Ibogaine and Addiction in I'm Dangerous With Love
Director Michel Negropontes camera focuses on the legs of Tank, a 20-year-old heroin addict who has pulled her pants up mid-thigh to reveal, I dont have any veins left in my body. I cooked everythingmy feet, my hands. . . . Tank has just signed on for the underground detox treatment of Dimitri Mugianis, a former musician and junkie who uses the hallucinogen ibogaine to cure junkies of their habits in less than a week. (Ibogaine, classified as a Schedule I controlled substance, is illegal in the U.S.) As this fantastic, three-years-in-the-making documentary illustrates while following Dimitri and assorted clients, his method works. Usually. But when a harrowing detox session shakes him, Dimitri leaves his New York base for Africa to study the spiritual applications of ibogaine; African shamans have been using it for centuries. There, he has his own powerful spiritual epiphany. With the exception of animated sequences illustrating the directors own trip after he decides to ingest ibogaine for himself, Negropontes visuals are Doc 101he simply points and shoots. But that doesnt matter; the life stories told (particularly Dimitris) and the experiences of coming clean sell themselves.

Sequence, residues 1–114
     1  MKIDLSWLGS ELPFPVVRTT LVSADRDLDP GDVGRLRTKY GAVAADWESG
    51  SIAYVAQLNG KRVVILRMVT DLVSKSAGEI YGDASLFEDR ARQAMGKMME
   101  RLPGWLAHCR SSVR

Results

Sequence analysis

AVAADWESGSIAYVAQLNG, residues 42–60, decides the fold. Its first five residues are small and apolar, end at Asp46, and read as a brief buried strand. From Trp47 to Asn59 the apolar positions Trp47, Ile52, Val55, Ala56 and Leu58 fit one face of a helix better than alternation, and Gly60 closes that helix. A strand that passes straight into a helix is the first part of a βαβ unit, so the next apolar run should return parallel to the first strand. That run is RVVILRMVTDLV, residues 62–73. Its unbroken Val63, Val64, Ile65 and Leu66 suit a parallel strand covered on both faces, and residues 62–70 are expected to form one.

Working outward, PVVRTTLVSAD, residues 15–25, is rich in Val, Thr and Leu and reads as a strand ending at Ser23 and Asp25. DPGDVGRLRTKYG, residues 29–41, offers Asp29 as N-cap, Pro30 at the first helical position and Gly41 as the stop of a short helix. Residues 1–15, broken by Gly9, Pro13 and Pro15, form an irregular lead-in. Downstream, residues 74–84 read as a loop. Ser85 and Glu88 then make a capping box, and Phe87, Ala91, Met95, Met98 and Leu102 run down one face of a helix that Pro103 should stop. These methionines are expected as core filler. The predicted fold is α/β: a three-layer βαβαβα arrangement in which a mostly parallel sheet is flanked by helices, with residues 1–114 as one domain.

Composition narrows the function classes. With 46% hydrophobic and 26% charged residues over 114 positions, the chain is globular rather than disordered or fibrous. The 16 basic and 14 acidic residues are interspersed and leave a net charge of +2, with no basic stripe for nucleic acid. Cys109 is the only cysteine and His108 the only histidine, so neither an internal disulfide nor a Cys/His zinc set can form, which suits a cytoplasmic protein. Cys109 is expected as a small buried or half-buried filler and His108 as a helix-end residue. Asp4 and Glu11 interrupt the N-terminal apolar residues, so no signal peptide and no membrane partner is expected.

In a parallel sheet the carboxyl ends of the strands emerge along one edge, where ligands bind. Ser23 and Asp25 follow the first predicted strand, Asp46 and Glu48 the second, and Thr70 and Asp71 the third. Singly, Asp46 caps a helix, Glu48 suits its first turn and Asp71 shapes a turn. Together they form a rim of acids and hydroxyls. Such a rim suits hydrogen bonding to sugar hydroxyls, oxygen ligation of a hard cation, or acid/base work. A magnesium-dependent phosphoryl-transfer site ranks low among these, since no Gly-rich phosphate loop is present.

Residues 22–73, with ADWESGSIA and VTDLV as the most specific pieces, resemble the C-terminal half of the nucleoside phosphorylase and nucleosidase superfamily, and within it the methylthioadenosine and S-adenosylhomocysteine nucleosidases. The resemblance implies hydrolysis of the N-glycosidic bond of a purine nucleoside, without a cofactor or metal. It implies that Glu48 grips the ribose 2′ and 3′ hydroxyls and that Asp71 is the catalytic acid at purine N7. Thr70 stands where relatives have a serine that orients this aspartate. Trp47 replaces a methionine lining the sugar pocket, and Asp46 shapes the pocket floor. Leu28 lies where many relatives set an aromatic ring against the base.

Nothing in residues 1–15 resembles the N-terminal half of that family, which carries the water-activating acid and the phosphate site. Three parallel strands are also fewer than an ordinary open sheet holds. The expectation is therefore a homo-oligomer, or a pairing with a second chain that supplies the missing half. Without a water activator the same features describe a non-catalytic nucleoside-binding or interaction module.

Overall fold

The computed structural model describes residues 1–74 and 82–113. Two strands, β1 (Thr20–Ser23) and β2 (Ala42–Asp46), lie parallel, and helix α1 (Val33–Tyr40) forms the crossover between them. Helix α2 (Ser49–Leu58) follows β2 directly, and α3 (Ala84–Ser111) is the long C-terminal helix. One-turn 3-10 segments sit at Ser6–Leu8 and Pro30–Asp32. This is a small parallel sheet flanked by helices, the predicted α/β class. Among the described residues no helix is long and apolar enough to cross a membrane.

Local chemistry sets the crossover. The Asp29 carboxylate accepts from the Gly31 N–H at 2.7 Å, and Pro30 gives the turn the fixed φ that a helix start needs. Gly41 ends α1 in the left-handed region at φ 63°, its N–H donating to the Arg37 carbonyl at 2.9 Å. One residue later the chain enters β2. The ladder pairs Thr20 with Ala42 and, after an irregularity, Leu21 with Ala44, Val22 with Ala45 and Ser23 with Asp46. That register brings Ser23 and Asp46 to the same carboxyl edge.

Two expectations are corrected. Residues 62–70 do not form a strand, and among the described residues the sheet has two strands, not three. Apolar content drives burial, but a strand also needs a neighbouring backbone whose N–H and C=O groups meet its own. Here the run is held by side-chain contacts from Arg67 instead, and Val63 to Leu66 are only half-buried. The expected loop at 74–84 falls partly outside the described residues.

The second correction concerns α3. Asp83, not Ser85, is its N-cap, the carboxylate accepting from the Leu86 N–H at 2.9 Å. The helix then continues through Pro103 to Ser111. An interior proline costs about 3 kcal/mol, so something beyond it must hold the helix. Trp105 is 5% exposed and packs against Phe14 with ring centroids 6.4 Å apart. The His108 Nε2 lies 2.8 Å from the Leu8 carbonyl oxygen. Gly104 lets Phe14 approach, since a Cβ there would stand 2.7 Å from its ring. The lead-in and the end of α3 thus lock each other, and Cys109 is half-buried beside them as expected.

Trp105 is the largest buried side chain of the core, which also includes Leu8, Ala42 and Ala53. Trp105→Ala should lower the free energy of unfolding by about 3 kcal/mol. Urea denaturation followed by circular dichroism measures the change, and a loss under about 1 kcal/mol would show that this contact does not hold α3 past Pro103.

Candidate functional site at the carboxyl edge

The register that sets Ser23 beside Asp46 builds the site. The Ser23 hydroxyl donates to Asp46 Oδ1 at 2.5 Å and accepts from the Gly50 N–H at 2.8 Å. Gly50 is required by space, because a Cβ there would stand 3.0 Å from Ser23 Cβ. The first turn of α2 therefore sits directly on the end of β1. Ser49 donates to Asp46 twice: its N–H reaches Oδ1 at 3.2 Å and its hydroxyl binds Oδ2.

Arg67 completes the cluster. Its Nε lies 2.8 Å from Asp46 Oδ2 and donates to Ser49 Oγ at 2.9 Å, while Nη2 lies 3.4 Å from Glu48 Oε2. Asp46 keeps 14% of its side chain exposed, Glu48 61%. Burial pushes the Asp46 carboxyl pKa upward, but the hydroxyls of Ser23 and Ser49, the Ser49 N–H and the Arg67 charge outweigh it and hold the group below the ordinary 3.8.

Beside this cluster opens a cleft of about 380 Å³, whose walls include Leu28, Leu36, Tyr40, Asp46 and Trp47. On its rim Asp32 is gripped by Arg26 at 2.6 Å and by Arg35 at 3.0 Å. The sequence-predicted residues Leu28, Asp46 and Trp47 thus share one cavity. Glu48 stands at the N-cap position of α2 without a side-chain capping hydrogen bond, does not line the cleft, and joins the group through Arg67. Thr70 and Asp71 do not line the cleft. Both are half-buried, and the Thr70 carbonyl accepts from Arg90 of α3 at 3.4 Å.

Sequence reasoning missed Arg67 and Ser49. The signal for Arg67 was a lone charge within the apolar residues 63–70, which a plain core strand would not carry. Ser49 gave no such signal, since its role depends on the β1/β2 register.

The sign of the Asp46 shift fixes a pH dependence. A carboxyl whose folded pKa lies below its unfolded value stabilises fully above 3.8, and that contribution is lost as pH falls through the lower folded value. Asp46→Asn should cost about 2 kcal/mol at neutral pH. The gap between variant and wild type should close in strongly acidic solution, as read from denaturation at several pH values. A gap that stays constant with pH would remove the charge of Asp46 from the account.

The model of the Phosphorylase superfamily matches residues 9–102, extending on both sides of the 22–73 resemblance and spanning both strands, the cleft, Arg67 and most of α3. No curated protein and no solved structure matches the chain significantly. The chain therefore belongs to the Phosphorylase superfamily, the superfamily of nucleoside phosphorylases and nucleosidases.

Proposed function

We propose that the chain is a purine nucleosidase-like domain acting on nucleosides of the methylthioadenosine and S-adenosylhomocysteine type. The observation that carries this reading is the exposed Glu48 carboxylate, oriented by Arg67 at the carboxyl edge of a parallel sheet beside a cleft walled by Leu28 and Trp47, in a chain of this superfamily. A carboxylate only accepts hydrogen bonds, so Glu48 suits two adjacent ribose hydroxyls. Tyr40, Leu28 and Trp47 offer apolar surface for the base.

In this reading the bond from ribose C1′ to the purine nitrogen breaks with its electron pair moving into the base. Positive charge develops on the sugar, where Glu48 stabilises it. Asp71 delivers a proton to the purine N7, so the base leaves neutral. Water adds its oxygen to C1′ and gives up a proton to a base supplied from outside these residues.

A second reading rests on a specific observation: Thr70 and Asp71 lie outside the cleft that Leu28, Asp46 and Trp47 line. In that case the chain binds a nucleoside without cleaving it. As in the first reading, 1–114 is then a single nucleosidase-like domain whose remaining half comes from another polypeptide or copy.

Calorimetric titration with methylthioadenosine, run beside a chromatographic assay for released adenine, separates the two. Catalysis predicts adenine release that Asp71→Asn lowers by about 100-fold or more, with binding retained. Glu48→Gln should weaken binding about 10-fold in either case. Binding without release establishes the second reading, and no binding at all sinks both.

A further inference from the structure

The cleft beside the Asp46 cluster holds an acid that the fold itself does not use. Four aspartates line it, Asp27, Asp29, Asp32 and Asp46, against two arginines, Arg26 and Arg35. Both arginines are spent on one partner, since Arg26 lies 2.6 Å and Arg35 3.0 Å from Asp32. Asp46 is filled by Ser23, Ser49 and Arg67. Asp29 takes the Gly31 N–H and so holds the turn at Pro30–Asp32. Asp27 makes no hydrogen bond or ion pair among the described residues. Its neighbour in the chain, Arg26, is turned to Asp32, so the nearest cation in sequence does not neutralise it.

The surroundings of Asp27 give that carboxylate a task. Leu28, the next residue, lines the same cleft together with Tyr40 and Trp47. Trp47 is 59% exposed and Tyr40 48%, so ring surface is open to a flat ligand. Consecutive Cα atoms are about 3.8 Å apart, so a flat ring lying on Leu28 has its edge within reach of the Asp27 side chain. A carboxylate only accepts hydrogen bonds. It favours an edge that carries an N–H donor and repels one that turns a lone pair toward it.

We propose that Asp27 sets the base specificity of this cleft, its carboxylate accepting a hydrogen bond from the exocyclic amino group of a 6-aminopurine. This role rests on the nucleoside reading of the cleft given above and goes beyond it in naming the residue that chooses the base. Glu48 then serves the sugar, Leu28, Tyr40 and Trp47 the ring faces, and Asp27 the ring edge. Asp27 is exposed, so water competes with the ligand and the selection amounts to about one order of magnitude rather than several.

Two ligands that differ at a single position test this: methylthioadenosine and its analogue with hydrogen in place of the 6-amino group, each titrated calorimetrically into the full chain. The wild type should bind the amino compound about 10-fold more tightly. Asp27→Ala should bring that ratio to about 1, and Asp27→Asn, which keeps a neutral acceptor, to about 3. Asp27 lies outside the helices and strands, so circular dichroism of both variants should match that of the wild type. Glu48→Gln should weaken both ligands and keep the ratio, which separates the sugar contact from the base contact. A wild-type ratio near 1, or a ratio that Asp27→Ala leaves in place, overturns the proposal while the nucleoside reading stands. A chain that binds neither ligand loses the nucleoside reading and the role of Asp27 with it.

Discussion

Get the Film Club Newsletter
Stay up to date on the best new movies with our critics' latest reviews, interviews and trailers for the films coming to a theater near you each week.
More Film News
- Alex Gibney: Steve Jobs Had the 'Focus of a Monk — Without the Empathy'
- Netflix’s 'Narcos' Tries to Be 'The Wire' for Colombia’s Drug War
- ‘The Second Mother’ Offers a Sharp Brazilian Take on the Upstairs/Downstairs Drama
- The Predictability of Teary Kids Doc 'My Voice, My Life' Doesn't Make It Any Less Powerful